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Make Your Restaurant's Christmas Dinner a Winner

09/12/2015 09:31:58

Sourcing the right ingredients and creating a Christmas menu you can be proud of can be a challenge. Bruce Wilson talks us through the in's and out's of making your Christmas dinner and how to create variety whilst keeping standards high.

By Bruce Wilson, Chef Consultant at BAW Consulting Ltd

The festive season should be an absolute winner for restaurants, venues and catering businesses. All-expenses-paid work Christmas dos, celebratory family dinners, friends congregating. It should be so easy to boost revenue and drive turnover while giving diners an experience they’ll want to repeat and tell their friends about - but often it’s not.

Many businesses struggle to capitalise on the opportunity to maximise sales or enhance profitability at best – by having the right menu on at the right price point, and keeping overheads such as additional staff time to a minimum. At worst, what should be a chance to generate repeat business and boost reputation can sometimes have the opposite effect if service and quality are not up to scratch because the infrastructure isn’t in place to cope with the additional pressure of such a busy period.

Time and again when helping businesses deal with these challenging issues, I find that menu design is fundamental to ultimate success or failure. Yes, of course many other factors come into play but if the menu isn’t right, it can put everything else at risk. Let me explain what I mean.

First and foremost, a menu has to be designed with customer expectations in terms of cost and experience at front of mind (ie formal or informal, is the emphasis on accurate plating or speed of service). However, it’s also vital to think about the skill set both back and front of house in order to deliver it. That doesn’t mean you can’t offer something special – it just means that careful thought is required to make sure it’s both suitable and achievable.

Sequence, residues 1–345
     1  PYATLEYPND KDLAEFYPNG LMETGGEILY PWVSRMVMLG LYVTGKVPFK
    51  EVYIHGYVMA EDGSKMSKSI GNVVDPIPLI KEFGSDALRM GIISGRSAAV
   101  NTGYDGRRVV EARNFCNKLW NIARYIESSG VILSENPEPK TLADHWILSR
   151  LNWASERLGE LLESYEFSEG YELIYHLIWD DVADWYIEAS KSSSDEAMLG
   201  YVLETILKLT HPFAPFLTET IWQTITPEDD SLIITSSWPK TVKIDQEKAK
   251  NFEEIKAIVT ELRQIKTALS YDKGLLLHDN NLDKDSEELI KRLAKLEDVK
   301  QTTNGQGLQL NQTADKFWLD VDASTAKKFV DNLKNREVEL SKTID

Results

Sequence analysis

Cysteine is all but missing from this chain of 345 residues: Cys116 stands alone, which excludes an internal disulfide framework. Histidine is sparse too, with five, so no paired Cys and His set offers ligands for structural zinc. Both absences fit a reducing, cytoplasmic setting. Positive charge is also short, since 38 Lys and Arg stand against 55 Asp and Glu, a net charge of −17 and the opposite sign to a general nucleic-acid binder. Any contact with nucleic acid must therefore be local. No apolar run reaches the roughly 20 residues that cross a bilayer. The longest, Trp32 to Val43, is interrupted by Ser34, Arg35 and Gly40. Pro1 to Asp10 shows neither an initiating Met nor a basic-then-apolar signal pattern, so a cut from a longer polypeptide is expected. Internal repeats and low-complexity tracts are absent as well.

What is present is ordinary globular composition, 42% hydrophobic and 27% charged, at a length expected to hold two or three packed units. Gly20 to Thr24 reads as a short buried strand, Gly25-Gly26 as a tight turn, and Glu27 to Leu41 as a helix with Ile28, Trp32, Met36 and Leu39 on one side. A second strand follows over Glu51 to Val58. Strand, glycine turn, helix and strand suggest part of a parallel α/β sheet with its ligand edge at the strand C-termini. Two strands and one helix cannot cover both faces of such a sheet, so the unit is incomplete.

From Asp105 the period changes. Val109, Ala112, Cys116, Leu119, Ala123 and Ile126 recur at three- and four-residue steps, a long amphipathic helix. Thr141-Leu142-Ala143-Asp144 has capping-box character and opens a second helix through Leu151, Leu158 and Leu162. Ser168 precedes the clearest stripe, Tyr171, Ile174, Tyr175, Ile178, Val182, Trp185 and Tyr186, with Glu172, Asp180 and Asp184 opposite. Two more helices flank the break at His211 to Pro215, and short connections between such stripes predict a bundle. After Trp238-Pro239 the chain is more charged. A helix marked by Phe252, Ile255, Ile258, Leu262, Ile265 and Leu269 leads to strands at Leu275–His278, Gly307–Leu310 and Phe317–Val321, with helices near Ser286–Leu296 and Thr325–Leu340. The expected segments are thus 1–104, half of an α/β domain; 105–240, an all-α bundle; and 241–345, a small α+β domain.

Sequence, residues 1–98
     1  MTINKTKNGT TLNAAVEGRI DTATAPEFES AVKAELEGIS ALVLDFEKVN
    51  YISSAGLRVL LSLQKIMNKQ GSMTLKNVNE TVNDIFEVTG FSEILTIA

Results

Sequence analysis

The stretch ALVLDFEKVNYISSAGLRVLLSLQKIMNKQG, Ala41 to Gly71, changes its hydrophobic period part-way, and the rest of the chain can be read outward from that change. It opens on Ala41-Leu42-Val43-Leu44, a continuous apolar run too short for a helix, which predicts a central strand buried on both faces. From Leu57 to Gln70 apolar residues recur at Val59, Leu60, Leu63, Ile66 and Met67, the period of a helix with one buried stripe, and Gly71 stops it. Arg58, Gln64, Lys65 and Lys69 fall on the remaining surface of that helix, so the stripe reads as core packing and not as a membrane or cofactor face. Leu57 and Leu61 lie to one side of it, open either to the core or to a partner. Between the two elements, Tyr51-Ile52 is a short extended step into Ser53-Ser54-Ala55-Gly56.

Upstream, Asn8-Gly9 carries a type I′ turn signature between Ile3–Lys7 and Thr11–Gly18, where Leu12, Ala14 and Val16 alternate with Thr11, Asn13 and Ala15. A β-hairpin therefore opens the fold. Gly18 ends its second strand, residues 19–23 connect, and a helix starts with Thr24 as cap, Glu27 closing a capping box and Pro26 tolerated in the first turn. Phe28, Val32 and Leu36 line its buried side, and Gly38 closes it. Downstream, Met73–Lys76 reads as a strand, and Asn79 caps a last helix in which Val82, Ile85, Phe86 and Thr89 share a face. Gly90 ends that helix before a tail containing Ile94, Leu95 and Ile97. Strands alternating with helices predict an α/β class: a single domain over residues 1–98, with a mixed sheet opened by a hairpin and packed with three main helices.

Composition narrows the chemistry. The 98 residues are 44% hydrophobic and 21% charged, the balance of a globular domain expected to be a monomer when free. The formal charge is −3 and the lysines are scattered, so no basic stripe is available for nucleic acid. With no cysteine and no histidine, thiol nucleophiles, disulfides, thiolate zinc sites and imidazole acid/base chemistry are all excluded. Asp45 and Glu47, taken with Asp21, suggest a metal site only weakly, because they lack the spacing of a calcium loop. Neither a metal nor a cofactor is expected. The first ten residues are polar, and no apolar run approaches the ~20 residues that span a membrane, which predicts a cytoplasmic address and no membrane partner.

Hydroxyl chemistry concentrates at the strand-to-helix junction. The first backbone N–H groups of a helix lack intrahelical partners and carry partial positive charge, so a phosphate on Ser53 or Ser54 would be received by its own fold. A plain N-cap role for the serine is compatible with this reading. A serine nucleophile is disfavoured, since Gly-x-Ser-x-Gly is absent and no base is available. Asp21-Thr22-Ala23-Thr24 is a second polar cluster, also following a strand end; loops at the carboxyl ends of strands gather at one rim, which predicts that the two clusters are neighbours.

Consider space and time – probably the most important thing is to have a menu that fits your space – literally. Putting on an offer that exceeds the physical capabilities of the kitchen is never going to work. This might be refrigeration capacity, preparation space, the ability to cook and serve in a timely way or simply having too much choice on the menu, creating waste when it doesn’t sell in time.

The way I look at it is that product is key. Getting the right ingredients for the customer profile makes all the difference. So a good piece of fish cooked simply and well can be as good as any Michelin-starred dish and can be charged for accordingly: minimal prep time or fridge space required.

Also think about the logistics of service. Customers shouldn’t be rushed, but food should arrive quickly or complaints will follow no matter how delicious it is when it arrives. Again this is where menu design comes in – I am a strong believer in doing as much of the work as possible before service, especially at this time of year, so that when several large tables all walk in at once  your team can cope.

Braised dishes that can even be slow-cooked overnight at very low temperatures are great as very little service time is involved. You don’t need expensive equipment – a good convection oven with precise temperature controls can do it.  But what about the turkey? And the salmon? Or the Christmas pudding? These are what customers want, and not everything can be slow-cooked or totally pre-prepared in advance.

Of course you should offer turkey and Christmas pud if that’s what the market demands. But you could also consider other pre-preparable options in addition or as an alternative if your customers would plump for something different. I’d suggest a Beef Wellington carved at the table for a real wow factor. Game pie or venison casserole with winter veg gives a great festive feel. A whole baked cheese for sharing is easy to do and always goes down well. Or offering a bit of sparkle such as a chilled champagne syllabub for dessert is a true Christmas treat.

Whatever you decide, having a manageable combination of dishes on the festive party menu is absolutely critical. Unless you’ve got a large kitchen, having three or four options for each course should be plenty. Any more, and if the team can’t cope, you risk making a turkey out of Christmas.

Bruce Wilson is a Chef Consultant at BAW Consulting Ltd, which specialises in advising food, catering & hospitality businesses on pre-planning, site launch, and on-going management advice. www.bawconsulting.com

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